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14 June 2011

NYC: Brooklyn Abridged

In the two dozen-odd trips I've taken to New York over the past 16 years, most of my forays out of Manhattan have centred around morning runs over Brooklyn Bridge and walks around Brooklyn Heights. I have also been to Williamsburg to shop a couple of times (one unsuccessful as it was 10.30 am and many of the shops don't open until noon). On Sunday, though, we took advantage of the unexpected sunshine and spent most of the day and night across the bridge.


Novelty #1. Walking over the Williamsburg Bridge. It's not quite as stunning as its more famous sister but the views are still good, particularly if you like urban wastelands and/or Lower Manhattan. Oh, and the walkway is pink!


The bridge brought us into an area reminiscent of Château d'Eau in Paris but it was only a short walk to the more gentrified part of town, where residential streets are dotted sporadically with cool bars and friendly cafés. Strolling up Bedford Avenue on a sunny Sunday afternoon is a gorgeous experience. I love the boutiques, like Catbird, the funky coffee bars, like the aggressively hip Verb, and the independent bookshop. It definitely has a much more chilled vibe than Manhattan. We stopped for a coffee and a crack pie, of course, at Momofuku Milk Bar. Both caffeine and cake were yummy.


Novelty #2. Off-off-off-Broadway theatre (off-off-off-Broadway in Williamsburg, that is). At the moment, there are a lot of shows as part of the Comic Book Theater Festival and we chose a "web comic in 3D" called Five Things, which is about a lonely would-be ukelele player girl who gets a cat and a life with the help of her fairy dragmother. It was very sharp and very funny (even if some of the references went over my head — what's wrong with the G train?) and for $15, definitely a better bet than some of Time Out's pricier offerings.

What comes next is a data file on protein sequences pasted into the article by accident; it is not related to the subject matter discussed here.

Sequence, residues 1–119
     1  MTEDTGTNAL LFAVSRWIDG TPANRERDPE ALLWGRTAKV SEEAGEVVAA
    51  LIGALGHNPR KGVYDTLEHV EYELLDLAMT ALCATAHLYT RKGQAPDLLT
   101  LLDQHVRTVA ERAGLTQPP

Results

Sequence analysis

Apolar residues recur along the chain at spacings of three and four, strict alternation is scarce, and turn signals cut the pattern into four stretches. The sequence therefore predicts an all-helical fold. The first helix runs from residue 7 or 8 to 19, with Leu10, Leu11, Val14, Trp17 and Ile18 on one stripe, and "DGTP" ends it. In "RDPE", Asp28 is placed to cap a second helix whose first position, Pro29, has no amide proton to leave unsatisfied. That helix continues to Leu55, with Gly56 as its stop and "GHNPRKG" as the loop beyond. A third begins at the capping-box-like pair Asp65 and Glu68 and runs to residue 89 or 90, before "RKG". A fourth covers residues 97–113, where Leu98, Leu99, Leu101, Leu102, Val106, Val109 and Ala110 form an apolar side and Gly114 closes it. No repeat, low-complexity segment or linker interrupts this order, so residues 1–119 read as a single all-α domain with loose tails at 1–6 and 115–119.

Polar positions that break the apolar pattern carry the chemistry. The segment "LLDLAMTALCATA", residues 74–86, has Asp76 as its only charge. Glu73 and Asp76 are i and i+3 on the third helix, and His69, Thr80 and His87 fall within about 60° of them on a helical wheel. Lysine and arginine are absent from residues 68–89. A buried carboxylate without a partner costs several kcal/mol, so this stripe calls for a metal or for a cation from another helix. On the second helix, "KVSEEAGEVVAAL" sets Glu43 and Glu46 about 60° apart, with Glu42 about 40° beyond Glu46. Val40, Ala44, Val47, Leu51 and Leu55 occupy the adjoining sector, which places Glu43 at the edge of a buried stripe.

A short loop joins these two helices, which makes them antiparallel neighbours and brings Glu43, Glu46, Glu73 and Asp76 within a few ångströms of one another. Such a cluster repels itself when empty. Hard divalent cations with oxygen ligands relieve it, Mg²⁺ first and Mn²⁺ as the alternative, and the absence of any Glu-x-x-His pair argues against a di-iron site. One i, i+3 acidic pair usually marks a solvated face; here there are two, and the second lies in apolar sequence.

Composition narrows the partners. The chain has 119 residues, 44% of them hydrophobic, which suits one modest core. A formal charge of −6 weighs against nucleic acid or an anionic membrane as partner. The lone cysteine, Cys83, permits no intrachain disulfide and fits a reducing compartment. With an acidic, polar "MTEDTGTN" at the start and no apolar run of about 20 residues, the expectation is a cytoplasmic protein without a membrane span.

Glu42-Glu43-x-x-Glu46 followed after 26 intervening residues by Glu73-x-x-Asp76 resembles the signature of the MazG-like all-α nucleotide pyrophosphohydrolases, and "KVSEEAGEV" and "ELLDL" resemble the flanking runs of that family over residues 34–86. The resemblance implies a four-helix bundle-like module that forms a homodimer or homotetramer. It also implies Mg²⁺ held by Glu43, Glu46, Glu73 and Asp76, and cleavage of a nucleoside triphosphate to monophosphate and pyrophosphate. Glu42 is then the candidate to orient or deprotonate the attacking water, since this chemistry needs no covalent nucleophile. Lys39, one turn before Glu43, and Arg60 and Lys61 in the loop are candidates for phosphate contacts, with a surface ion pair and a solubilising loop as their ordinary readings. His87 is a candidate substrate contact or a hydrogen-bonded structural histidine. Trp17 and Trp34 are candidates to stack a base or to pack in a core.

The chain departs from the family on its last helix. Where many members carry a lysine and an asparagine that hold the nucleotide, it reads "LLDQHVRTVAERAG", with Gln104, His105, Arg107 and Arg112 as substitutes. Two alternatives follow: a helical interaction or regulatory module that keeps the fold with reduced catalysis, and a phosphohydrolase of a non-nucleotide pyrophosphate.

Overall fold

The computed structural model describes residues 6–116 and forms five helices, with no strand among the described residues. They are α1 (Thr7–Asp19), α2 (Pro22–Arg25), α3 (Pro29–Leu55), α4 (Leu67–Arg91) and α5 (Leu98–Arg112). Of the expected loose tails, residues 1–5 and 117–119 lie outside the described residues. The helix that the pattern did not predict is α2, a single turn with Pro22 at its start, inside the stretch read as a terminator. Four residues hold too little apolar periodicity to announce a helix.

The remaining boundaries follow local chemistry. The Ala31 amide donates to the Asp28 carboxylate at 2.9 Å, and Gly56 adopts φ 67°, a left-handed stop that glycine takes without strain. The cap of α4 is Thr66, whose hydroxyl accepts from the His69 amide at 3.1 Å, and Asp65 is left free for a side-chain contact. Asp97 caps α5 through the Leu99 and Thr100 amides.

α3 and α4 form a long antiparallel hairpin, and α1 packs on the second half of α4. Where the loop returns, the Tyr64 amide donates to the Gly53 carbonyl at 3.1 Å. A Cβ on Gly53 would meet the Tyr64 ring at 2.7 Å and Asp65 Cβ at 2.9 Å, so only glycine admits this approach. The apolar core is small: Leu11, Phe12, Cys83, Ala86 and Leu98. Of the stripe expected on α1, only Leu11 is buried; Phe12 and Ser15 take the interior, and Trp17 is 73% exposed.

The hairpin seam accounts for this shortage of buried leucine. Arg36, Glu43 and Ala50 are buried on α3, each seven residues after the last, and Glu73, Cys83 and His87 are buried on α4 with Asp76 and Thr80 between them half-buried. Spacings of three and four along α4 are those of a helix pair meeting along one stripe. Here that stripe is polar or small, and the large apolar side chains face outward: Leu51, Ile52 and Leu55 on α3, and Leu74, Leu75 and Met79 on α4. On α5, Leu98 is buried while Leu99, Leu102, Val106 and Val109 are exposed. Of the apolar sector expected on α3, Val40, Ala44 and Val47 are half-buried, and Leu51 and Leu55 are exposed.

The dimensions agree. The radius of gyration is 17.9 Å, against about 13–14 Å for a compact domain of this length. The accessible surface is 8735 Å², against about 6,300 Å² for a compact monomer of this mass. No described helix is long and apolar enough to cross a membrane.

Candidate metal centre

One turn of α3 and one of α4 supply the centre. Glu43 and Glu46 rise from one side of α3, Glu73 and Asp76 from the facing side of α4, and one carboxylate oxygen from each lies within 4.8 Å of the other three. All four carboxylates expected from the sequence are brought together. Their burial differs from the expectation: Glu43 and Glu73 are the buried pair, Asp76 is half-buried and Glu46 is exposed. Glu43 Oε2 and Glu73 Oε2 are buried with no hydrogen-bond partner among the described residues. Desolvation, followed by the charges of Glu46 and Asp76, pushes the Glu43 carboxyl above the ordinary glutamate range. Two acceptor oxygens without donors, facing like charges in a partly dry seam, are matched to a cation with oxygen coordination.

Novelty #3. Cocktails, Brooklyn-style. This week's Time Out had a cocktail special and we picked Huckleberry Bar, a sleek, dark place that had an awesome chilled-out Sunday evening vibe. The barman was very friendly and extremely knowledgeable. My drink — Article 57 — was immaculately mixed, all lemon and ginger and tonic. I stayed well clear of the jalapeño-infused tequila though.

For dinner, we went to Five Leaves, back up the top of Bedford Avenue. It's a small bistro with a low-key ambiance and which seemed to be populated mainly with locals. We sat on a table on the pavement to soak up the hipster vibe (and watch some graffiti artists in action). We started with oysters, which really hit the spot. The menu was filled with lots of interesting dishes that nearly succeeded in tempting even me away from the burger. Not quite, though, and the burger was perfectly medium rare. I couldn't manage a pudding but the affogato, with its local ice cream and coffee, is supposed to be among the best in the city.


Walking back to the L train, we caught a glimpse of the distant Empire State Building — blue, green and yellow, in honour of Caribbean tourism — through the fence of a high school sports field. Manhattan ain't so far away after all.



It was a Sunday so near perfect that it will ensure my return to the wrong side of the river...

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